OXY’s LOG – ‘Sux it, don’t stroke it…’

Succinylcholine and the hemiplegic patient

(This is a follow-up post to a previous blog regarding Suxamethonium and neurological disorders).

The hemiplegic patient does indeed present a risk. There are a number of case reports of stroke patients arresting on the end of a syringe of sux1,2,3.

Brown and Charlton4 studied 12 hemiplegic patients and observed larger muscle action potentials and smaller fade ratios when compared with the normal side. Interestingly dennervation causes a more pronounced response than immobilisation5. Age or severity of the stroke did not seem to correlate with muscle activity.

There is now evidence that a pathological isoform of the acetylcholine receptor (AChR), neuronal (nicotinic) 7AChR, not usually found in normal adult muscle, is expressed and up-regulated in muscle during denervation6. This up-regulation of AChRs, when depolarized with succinylcholine, leads to an efflux of intracellular potassium into the plasma causing acute hyperkalaemia.

The period on vulnerability to hyperkalaemia for hemiplegic patients is not well defined but case reports have suggested the period to be as early as one week5 and as late as six months1.


Some of the other conditions reported to cause hyperkalaemia with succinylcholine have included: gastrointestinal mucositis8, necrotizing pancreatitis9, catatonic schizophenia10, meningitis11, and purpura fulminans12.


I guess this adds more weight to the argument to use Roc in many more time-critical intubation situations.


1. Smith, R. B. and Grenvik, A. 1970. “Cardiac arrest following succinylcholine in patients with central nervous system injuries.” Anesthesiology 33(5): 558.

2. Gronert, G.A., Theye, R.A. 1975. Pathophysiology of hyperkalemia induced by succinylcholine. Anesthesiology; 43:89–99.

3. Martyn, J.A.J., White, D.A., Gronert, G.A., Jaffe, R.S., Ward, J.M. 1992. Up-and-down regulation of skeletal muscle acetylcholine receptors: Effects on neuromuscular blockers. Anesthesiology; 76:822–43.

4. Brown, J., Charlton, J. et al. 1975. “A regional technique for the study of sensitivity to curare in human muscle.” Journal of Neurology, Neurosurgery & Psychiatry 38(1): 18-26.

5. Martyn, J. A. J. and M. Richtsfeld 2006. “Succinylcholine-induced hyperkalemia in acquired pathologic states: etiologic factors and molecular mechanisms.” Anesthesiology 104(1): 158.

6. Fischer, U., Reinhardt, S., Albuquerque, E.X., Maelicke, A. 1999. Expression of functional alpha7 nicotinic acetylcholine receptor during mammalian muscle development and denervation. Eur J Neurosci; 11:2856–64.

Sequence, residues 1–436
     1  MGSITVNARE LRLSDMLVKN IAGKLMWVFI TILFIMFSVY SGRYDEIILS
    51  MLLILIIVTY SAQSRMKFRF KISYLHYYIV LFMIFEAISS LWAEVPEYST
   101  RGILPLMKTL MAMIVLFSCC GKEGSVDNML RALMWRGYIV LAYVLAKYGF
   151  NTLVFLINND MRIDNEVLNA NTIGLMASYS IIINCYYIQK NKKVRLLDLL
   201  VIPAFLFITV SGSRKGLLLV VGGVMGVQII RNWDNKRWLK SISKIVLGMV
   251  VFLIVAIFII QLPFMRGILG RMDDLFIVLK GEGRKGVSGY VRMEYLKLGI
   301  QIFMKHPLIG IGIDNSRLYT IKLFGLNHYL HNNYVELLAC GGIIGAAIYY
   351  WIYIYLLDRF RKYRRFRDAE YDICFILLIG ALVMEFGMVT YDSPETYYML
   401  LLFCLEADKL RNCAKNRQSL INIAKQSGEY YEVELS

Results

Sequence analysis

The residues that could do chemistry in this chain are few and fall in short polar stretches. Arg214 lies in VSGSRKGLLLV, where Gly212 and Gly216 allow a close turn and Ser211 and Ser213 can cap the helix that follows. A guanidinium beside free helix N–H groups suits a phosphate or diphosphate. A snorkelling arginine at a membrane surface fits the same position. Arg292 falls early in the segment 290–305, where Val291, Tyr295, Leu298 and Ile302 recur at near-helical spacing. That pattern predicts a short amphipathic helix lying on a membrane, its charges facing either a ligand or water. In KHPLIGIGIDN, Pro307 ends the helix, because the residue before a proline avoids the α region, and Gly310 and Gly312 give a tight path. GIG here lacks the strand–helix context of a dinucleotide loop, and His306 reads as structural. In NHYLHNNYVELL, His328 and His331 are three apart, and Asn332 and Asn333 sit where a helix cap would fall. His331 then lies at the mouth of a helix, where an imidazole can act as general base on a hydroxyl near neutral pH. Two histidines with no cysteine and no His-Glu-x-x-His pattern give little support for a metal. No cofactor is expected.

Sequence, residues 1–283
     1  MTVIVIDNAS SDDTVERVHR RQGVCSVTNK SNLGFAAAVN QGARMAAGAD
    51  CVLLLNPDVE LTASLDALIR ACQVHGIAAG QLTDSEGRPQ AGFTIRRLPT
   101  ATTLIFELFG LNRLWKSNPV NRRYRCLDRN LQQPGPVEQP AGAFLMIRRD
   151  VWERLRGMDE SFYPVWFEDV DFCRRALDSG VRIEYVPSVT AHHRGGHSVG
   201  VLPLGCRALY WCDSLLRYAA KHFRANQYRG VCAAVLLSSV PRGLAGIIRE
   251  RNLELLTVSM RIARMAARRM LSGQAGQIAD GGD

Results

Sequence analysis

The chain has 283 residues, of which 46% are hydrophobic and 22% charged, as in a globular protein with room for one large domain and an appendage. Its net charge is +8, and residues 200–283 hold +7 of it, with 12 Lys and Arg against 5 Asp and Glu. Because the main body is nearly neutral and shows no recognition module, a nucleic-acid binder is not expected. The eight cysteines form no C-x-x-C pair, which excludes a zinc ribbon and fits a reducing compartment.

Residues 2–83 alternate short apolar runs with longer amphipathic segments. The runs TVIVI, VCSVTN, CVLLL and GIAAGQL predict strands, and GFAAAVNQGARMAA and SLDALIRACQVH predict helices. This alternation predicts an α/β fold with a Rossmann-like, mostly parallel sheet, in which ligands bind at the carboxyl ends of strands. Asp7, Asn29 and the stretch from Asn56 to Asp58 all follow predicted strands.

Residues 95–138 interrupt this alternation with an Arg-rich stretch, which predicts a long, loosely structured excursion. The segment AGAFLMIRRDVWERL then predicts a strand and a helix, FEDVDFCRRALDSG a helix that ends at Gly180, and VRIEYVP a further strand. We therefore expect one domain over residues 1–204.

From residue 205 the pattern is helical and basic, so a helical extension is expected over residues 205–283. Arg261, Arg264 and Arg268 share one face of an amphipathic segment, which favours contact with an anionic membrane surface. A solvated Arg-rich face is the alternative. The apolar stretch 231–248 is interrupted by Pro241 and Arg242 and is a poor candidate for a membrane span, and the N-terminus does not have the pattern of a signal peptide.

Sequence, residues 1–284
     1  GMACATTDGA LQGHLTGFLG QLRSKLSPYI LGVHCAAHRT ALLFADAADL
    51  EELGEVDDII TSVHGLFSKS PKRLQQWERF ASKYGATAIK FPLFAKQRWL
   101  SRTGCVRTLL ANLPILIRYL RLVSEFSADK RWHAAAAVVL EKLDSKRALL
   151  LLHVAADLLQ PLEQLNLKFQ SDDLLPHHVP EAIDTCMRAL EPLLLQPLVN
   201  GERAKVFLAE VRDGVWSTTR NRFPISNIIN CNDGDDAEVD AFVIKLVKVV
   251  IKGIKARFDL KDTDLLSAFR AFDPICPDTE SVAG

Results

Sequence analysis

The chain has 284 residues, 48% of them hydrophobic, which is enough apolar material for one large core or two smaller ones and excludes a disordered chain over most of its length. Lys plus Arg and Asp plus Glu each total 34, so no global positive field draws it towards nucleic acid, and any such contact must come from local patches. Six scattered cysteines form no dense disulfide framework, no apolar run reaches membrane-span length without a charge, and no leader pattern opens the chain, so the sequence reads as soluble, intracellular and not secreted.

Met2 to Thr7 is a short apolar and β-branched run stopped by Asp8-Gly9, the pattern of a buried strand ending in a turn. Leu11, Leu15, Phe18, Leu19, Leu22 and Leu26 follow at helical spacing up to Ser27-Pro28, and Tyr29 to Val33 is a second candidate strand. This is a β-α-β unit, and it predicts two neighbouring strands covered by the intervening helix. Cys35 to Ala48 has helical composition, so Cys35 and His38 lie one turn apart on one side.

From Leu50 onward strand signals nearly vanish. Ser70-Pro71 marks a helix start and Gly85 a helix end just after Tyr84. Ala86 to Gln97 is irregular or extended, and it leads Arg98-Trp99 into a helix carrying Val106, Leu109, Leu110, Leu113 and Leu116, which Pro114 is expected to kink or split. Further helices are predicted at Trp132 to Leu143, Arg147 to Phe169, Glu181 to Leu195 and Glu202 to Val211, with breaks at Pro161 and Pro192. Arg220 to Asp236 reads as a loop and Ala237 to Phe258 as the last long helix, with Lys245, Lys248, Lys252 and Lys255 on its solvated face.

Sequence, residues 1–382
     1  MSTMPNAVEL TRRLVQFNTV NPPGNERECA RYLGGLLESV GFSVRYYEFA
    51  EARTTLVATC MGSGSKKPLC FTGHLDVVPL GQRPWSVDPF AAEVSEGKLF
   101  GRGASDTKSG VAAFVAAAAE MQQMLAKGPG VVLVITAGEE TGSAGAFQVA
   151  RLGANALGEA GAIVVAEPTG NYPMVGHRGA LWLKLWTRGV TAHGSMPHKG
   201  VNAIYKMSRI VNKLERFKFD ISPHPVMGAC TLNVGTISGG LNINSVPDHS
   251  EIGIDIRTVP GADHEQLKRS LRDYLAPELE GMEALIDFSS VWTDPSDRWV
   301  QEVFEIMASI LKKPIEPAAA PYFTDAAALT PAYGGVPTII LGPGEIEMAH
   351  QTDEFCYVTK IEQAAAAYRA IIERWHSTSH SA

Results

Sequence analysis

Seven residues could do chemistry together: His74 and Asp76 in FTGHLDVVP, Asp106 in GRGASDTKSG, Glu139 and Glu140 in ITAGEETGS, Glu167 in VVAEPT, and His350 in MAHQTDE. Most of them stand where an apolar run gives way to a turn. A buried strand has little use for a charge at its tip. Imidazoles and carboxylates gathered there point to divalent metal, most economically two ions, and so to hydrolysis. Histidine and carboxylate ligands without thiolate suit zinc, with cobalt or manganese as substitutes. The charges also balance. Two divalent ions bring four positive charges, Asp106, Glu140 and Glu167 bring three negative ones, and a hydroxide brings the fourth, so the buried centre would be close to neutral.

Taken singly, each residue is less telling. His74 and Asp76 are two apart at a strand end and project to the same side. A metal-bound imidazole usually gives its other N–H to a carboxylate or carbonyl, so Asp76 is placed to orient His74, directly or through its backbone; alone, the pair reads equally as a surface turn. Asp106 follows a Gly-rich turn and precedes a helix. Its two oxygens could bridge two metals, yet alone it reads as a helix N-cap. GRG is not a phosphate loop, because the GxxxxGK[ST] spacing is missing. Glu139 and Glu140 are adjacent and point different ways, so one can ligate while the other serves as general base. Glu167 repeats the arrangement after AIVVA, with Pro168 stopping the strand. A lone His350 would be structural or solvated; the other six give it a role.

7. Thomas, E. T. 1969. “Circulatory collapse following succinylcholine.” Anesthesia & Analgesia 48(3): 333-337.

8. Al-Khafaji, A.H., Dewhirst, W.E., Cornell, C.J., Quill, T.J. 2001. Succinylcholine- induced hyperkalemia in a patient with mucositis secondary to chemotherapy. Crit Care Med 2001; 29:1274–76.

9. Matthews, J.M. 2000. Succinylcholine-induced hyperkalemia and rhabdomyolysis in a patient with necrotizing pancreatitis. Anesth Analg 2000; 91:1552–4.

10. Cooper, R.C., Baumann, P.L., McDonald, W.M. 1999. An unexpected hyperkalemic response to succinylcholine during electroconvulsive therapy for catatonic schizophrenia. Anesthesiology; 91:574–5.

11. Hansen, D. 1998. Suxamethonium-induced cardiac arrest and death following 5 days of immobilization. Eur J Anaesthesiol; 15:240–1.

12. Kovarik, W.D., Morray, J.P. 1995. Hyperkalemic cardiac arrest after succinylcholine administration in a child with purpura fulminans. Anesthesiology; 83:211–3.

‘Qui rogat, non errat’

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3 Responses to OXY’s LOG – ‘Sux it, don’t stroke it…’

  1. mandy says:

    This is a fascinating article, thank you. You will probably disagree(!) but six months after frequent repeated administration of sux I developed something which seems to have turned into Sporadic Hemiplegic Migraine with Complex Partial Seizures. The story is very complicated and rather long – won’t burden you with it – but it may interest you that the condition has responded well to treatment with Keppra. My family has a striking history of high potassium levels. Keppra seems to act on potassium gated ion channels(?), something to do with SVA2(?) – wonder if there’s a link here. I also wonder if I should signal possible hypersensitivity in case of future surgery? Prefer not to end up arresting on the end of a sux syringe.

  2. Oliver says:

    Great information I will remember the advise. Levetiracetam anti epiletic medication (Keppra).

  3. Oliver says:

    Advise about ROC instead of SUX Dr R

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